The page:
Damaris Corbin: Well, I usually get there pretty early. I think I read an article or a mentor told me this, or maybe it was No Film School. It's great for directors to connect with their department heads an hour before, when they all get there.

So I did my best to get there before everyone else so that I could settle, so that mentally I could connect. And there's always someone who needs something from you.

I wanted to make sure that my department heads and my actors, everyone was enabled to do their best work. So day-to-day, that's where we start. And then you remind yourself of why you're here. So the very first day that John was on camera was our second day shooting, and I got to tell you, that day was not going well. The power had gone out in the makeup trailer. The permit for the traffic holding had somehow been misplaced by one of the fire marshals or something like that. I don't remember who.

But then when John turned up on set, we had a moment of silence for Brian Brown easily, because it was four years to the day of the true events. And it felt like in that moment, it's one of those moments where everything else faded away. And it feels like destiny touches you, and John stepped onto camera, and you could see in that moment that Brian was there. And everything just started falling into place.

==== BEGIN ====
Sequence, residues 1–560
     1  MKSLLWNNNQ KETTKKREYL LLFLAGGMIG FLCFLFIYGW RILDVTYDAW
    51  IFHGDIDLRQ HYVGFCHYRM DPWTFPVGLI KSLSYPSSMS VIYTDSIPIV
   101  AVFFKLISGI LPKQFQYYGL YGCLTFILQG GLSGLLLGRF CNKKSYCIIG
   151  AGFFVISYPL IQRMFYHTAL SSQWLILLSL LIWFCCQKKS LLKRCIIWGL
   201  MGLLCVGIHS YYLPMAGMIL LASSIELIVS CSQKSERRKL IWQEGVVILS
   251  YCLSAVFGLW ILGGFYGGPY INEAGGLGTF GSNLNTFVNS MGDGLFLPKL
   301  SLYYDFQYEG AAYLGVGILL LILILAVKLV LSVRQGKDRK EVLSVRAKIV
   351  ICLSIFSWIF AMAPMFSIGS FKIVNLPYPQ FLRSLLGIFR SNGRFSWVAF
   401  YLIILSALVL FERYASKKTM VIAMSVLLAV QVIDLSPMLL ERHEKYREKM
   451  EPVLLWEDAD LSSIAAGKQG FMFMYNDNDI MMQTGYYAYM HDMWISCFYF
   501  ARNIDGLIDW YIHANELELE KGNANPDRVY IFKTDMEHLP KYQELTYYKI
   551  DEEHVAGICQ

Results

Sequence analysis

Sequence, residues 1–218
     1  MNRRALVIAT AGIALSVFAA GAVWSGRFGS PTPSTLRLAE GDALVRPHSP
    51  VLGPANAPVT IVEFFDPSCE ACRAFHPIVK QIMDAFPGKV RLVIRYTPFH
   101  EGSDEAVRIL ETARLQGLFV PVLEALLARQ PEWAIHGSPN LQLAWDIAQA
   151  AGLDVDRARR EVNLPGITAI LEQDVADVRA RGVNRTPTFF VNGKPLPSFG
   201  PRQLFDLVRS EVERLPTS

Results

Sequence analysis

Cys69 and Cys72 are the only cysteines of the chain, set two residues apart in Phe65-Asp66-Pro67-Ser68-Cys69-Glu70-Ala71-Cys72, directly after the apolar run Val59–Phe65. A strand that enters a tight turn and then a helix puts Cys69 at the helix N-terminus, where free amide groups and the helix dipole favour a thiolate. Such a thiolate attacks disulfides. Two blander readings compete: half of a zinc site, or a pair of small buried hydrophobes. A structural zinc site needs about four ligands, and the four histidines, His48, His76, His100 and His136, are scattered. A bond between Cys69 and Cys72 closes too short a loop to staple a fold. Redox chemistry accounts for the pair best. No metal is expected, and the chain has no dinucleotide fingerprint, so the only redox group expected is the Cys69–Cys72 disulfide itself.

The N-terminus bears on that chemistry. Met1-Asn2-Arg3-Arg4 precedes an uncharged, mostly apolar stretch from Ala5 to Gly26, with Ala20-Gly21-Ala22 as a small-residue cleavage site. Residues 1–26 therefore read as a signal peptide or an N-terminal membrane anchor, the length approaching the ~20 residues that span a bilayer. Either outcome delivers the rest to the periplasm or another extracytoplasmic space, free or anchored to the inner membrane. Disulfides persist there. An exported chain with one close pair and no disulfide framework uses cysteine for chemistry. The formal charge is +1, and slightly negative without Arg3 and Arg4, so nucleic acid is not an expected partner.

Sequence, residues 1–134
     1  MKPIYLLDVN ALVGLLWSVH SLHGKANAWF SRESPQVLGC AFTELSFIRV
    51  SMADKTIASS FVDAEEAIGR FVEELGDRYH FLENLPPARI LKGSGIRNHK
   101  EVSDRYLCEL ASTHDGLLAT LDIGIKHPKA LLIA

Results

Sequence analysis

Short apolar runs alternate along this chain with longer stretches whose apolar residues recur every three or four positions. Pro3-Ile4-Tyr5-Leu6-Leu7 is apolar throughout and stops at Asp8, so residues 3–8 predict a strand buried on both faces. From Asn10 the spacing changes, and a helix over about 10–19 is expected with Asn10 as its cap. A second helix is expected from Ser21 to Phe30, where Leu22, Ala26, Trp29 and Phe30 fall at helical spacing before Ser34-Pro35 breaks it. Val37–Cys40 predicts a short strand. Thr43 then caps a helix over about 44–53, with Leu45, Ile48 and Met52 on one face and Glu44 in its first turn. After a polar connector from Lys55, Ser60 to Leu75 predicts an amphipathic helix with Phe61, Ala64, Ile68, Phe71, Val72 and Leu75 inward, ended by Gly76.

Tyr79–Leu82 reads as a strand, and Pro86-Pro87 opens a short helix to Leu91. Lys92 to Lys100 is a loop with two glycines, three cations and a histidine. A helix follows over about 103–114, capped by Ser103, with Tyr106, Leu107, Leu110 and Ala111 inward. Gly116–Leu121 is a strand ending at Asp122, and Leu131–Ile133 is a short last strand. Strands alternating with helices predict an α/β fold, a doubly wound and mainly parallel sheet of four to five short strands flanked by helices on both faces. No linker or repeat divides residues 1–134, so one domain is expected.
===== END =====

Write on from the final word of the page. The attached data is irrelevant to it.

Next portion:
And you had the breath of truth. And a lot of the chaos around you faded, and everybody got their footing as is normal. There's always going to be a hiccup in a production. And that was our guiding light. It's like, "Let's get the truth on camera. Let's get the honesty that we know is there." And John at every take, every moment, you've seen, it's nuanced, it's honest. It's through-and-through truthful.

NFS: Do you have any advice for filmmakers?

Damaris Corbin: Greta Gerwig gave some early advice that spoke to me in one of her films. For young directors, learn to write. Learn to write if you can. If not, pick the camera, and find a friend who can, and enable yourself to tell stories that speak to the soul.

NFS: Any tips on how to learn to write?

Damaris Corbin: Read. Watch films obsessively. Go watch people on the street, listen to how they speak. Just live. Read, listen, and live.


Check out even more great coverage of Sundance 2022 from No Film School.